This weapon was originally fitted aft, above the electric motor and gasoline engine. Little is known about this weapon. There is no record of it being fired and it was removed during the modifications made during the winter of 1898-99.
Charles Morris described the gun as follows:
"Directly above this [the torpedo] expulsion tube is placed the Holland Pneumatic Dynamite Gun of 8.425 inches bore, having a fixed elevation of 15 degrees, but by filling and emptying the trim tanks this can be increased or decreased. The muzzle of gun is fitted with a water-tight cap. It will discharge a projectile of 222 lbs. weight, charged with 50 to 80 lbs. gun cotton, giving a range in the air of 1000 yards or 30 yards when fired under water. It is operated by air and gun-powder and is quickly handled. Six or more of these projectiles can be carried."1
In a letter to Captain Frederick Rodgers dated March 28, 1899, Lieutenant Nathan Sargent reported: "The forward pneumatic gun was then tried with air pressure only, the gun powder cartridges, which are to be used in connection with the air pressure not having arrived yet. The gun was loaded with a wooden projectile, three feet long by eight and a half inches in diameter and was fired with six hundred pounds pressure. The projectile was thrown four hundred yards without any divergence from the line of fire."2
The Navy Department had little interest in the gun, however, and the gun was not tested in subsequent Navy trials. The gun is an earlier version of patent 708,552 entitled "Submarine or Other Gun" which was submitted by John Holland on September 13, 1898 and illustrated below.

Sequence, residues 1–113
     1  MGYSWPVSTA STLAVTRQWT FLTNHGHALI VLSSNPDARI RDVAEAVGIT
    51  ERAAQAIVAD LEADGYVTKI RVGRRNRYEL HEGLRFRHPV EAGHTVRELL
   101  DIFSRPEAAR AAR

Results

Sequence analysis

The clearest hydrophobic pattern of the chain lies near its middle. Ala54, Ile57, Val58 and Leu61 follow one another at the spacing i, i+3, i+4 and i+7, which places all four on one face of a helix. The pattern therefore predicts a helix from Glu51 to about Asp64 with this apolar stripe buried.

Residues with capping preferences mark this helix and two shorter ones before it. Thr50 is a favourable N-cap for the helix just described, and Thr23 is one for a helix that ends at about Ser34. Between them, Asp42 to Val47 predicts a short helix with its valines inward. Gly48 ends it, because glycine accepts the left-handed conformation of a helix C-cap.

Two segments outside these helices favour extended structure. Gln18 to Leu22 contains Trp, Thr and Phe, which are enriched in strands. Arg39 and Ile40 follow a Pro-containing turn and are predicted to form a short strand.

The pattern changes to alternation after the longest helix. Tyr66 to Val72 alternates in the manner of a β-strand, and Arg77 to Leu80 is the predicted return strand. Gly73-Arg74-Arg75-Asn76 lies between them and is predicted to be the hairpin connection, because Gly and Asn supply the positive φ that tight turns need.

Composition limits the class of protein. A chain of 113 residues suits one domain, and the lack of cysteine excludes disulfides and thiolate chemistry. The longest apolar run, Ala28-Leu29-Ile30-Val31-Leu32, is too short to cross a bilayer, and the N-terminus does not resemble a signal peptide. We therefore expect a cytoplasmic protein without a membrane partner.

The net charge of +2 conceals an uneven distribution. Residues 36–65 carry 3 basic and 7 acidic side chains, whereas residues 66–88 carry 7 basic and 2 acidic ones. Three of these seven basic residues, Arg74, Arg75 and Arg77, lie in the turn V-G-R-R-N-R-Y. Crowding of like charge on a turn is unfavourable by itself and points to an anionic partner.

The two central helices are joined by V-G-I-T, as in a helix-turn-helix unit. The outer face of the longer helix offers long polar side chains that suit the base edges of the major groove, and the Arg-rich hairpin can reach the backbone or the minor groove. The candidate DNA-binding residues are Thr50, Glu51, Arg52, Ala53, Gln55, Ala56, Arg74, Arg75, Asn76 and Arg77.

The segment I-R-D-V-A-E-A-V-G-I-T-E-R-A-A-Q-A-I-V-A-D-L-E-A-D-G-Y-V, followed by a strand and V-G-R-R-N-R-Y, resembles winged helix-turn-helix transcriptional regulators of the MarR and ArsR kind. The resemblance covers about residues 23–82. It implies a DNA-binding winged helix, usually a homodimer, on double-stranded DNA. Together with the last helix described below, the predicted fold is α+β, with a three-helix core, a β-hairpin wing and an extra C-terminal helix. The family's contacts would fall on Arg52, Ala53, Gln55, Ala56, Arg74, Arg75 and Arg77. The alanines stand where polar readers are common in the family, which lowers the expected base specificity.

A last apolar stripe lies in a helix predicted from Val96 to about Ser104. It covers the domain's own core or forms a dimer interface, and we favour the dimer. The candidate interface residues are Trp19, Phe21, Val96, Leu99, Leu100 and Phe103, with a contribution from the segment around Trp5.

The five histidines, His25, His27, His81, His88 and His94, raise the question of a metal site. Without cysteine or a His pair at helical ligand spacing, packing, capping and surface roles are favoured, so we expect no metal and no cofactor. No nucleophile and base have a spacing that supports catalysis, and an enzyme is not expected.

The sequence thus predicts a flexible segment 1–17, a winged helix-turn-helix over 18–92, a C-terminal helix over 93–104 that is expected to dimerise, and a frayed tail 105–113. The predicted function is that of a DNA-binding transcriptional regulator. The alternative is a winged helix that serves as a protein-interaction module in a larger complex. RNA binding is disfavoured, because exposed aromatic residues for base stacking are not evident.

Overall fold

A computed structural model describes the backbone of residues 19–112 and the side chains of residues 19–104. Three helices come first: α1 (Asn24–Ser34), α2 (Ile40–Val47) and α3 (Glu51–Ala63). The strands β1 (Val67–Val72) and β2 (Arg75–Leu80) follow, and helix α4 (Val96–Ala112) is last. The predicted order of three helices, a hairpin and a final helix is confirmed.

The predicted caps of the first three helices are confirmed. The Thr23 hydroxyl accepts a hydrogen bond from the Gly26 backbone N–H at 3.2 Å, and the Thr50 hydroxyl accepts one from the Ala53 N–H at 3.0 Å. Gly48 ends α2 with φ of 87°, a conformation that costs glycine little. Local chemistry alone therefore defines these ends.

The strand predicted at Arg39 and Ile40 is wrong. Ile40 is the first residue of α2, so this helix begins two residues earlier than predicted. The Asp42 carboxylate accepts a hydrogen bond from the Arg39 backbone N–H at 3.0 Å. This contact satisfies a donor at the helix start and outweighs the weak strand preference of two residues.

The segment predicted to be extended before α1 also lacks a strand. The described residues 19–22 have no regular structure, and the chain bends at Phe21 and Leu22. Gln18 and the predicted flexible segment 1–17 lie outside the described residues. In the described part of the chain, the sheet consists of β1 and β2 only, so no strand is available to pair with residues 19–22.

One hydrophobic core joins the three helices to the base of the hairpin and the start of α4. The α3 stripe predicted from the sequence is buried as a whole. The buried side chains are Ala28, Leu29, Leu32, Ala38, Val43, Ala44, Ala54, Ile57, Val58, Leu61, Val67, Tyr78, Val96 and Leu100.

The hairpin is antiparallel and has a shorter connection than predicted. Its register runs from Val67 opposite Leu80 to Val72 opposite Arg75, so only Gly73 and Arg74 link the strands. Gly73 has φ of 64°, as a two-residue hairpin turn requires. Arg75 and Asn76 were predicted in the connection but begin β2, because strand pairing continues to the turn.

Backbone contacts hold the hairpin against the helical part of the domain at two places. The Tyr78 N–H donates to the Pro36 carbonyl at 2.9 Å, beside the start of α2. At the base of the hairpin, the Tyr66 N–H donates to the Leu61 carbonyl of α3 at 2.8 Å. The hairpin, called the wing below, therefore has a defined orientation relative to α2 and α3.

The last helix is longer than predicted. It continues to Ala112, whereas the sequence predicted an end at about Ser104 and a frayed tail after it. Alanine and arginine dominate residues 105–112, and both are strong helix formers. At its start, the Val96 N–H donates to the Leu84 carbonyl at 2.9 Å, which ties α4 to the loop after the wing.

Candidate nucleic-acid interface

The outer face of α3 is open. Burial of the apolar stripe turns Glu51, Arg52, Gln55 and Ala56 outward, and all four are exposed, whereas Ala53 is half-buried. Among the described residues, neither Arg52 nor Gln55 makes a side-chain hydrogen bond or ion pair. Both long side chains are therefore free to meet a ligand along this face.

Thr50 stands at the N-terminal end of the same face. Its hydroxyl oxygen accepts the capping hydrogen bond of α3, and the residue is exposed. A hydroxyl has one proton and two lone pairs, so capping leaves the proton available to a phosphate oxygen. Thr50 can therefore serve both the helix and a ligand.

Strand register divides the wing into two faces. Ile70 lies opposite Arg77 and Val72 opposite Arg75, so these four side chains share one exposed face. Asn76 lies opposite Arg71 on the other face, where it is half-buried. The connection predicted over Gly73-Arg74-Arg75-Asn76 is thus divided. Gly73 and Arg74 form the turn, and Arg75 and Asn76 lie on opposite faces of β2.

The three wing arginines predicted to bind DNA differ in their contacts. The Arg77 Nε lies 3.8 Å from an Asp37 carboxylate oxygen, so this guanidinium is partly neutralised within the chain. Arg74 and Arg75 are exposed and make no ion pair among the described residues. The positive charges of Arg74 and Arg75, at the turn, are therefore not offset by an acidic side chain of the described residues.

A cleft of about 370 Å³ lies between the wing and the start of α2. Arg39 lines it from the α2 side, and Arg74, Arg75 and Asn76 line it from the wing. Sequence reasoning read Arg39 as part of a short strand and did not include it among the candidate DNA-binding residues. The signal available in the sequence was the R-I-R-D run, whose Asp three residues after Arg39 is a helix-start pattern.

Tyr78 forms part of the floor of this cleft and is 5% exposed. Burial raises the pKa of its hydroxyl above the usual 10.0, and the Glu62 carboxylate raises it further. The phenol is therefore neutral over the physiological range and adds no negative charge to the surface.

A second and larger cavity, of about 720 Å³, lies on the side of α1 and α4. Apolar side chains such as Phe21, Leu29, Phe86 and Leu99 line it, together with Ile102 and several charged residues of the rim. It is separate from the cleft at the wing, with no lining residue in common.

1 is the barrel of the gun.
2 is an air reservoir or jacket about the barrel to receive and hold a charge of compressed air.
3 is a tubular slide-valve adapted to interpose between the breech chamber 4 and the air reservoir.
6 is the breech-block which closes the breech of the gun.
7 is the discharging-valve which controls air passage 5a
P is the projectile in the gun
C is the gun powder cartridge
The specification for the USS Holland describes the torpedo system as follows:
"Consists of one 'lower deck tube, Type 2, for 45 cm. x 11-ft. 8-in. White-head torpedo,' constructed after the plans of the Bureau of Ordnance. This is placed at the extreme forward end of the ship, opening outboard, 3 feet below the light waterline. The cap is hinged, lifting upwards and operated by worm gearing from inside the ship. Cap make a water-tight joint when closed against a rubber gasket.
Air at 50-lbs pressure per square inch is used for expulsion of torpedoes. Ten pounds per square inch being used to empty expulsion tube of water.
"The ship has the capacity for carrying three 45 cm . x 11-ft. 8-in. White-head torpedoes, and means of compensating for each and every one."
The torpedoes were loaded through the torpedo tube using a specially built "cage" (shown below) to lower the torpedo into the water and insert it into the tube from the outside. Once the torpedo was in the tube, the outer cap was closed, the tube was drained, and the torpedo hauled into the interior of the submarine.
The Whitehead Mark I torpedo was powered by a three cylinder reciprocating engine powered by compressed air supplied from an air flask (max 1350 psi). The warhead consisted of 118 pounds of wet guncotton. The range was 800 yards at 26.5 knots. The air flask was charged from the submarines compressed air supply shortly before the torpedo was fired."3
ÓCopyright 1999,2000,2001,2002 Gary McCue